Wintersleep goes untitled

WintersleepWhy Untitled?

By Vladislav Y.


Wintersleep really know how to blend together their music, it can be the most beautiful thing you’d ever heard, and then it roars into some unexpected heavy killer guitar riff.

The band was formed in Halifax, Nova Scotia, Canada in 2001 and still plays their great sounds across many territories and continents The band consists of 5 members, Paul Murphy (guitar, vocals), Loel Campbell (drums, guitar), Tim D’eon (guitar, keyboard), Mike Bigelow (bass guitar), and Jon Samuel (keyboard, back vocals and guitar). The main genres of music Wintersleep falls under would be Indie rock, German rock and Soul.

The second album by Wintersleep is untitled; it was released in February 15, 2005 on Dependent Music. In 2006, Jude Haynes and James Mejia the artists who did the art work for the album were awarded “CD/DVD artwork design of the year.” In 2008 they also won the Juno Award for “New Group of the Year.” In 2010, “Weighty Ghost” was included as one of The Top 100 Canadian Singles by Bob Mersereau, this song was also used in many films such as One Week, and commercials.

The first track “Lipstick” of Untitled, starts you off with a good dose of what this band is trying to convey with their music, with simple lyrics and a guitar riff to go along with the music. What really makes this album stand out is the amazing instrument playing especially the drums. The song “Nerves Normal. Breath Normal” starts off with a harder edge and never dulls down, at round 6:25 into the song the guitar harmonics come in which make the song so much more alive than it is. The drums are also outstanding and it is basically impossible for anyone to copy what Loel Campbell does.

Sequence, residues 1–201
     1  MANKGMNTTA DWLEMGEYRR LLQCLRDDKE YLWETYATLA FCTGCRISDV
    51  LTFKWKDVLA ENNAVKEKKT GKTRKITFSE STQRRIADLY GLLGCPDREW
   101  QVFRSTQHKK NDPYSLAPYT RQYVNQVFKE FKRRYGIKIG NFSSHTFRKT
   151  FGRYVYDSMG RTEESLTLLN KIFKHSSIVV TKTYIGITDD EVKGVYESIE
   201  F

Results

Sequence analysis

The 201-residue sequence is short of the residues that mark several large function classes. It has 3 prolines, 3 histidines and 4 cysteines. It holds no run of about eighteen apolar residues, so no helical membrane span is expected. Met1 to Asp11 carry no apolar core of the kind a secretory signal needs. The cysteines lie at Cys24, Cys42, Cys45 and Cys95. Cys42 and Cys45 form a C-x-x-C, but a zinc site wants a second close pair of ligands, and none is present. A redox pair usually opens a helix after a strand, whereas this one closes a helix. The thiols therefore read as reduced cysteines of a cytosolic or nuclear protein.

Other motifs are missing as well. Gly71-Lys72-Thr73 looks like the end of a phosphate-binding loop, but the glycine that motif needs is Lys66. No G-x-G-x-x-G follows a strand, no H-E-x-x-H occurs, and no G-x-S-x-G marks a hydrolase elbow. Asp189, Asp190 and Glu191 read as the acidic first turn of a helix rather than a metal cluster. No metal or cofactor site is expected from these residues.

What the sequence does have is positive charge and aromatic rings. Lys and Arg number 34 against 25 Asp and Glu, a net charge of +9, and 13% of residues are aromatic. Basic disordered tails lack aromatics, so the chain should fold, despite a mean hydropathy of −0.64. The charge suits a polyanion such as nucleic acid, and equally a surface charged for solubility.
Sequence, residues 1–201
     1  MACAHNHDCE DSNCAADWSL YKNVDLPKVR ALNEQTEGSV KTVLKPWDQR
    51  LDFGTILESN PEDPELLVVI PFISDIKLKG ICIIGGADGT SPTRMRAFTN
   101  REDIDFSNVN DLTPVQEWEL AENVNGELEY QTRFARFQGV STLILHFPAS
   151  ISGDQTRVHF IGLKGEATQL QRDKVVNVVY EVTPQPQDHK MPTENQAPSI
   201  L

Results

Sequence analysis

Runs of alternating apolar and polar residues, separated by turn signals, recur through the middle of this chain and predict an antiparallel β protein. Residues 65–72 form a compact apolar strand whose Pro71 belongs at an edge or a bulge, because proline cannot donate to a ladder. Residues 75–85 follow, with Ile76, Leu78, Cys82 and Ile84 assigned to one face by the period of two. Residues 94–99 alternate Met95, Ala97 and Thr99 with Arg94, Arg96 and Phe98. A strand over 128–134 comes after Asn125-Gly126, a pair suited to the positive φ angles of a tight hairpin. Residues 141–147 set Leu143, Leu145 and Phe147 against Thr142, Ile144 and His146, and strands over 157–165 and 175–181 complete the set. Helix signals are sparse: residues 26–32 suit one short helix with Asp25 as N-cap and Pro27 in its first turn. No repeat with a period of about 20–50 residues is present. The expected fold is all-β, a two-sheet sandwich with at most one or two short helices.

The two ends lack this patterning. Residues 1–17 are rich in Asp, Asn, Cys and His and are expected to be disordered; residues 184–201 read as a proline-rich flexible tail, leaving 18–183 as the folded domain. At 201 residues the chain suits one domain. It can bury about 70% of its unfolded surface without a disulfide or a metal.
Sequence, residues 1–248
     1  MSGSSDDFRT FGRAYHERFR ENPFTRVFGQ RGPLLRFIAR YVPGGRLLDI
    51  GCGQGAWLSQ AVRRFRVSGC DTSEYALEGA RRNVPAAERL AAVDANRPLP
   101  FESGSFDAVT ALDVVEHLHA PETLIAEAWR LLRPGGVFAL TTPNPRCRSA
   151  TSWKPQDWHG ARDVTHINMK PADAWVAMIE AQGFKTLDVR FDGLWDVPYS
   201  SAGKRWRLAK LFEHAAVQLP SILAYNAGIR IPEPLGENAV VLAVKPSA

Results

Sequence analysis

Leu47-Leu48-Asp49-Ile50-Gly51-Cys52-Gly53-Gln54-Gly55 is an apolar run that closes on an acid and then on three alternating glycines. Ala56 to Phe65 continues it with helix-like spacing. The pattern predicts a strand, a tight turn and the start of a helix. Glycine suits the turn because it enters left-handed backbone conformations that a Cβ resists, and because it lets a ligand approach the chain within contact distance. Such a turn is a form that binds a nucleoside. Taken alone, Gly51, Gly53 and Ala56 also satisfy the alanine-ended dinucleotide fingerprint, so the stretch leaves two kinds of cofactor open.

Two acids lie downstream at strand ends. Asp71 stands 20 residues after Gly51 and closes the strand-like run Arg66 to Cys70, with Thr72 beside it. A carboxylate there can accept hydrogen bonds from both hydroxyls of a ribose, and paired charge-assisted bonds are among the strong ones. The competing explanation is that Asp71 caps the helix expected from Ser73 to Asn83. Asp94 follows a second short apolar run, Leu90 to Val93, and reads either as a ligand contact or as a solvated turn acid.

The songs Winersleep create are strange, full of rural ghosts and forgotten landscapes. Unlike any other band, Wintersleep is unique in their own way, every song brings emotion and an imaginable picture to the listener. Listening Untitled is like almost listening to a story, every word, and every note is there for its own reason to make up the full picture. The flow of the music is like no other album out there, Paul Murphy’s dark voice might be what really makes almost everything happened or the instrument playing, its really up to you to decide. This album is defiantly one to remember and is recommended to any indie rock fan out there to have in their own collection.


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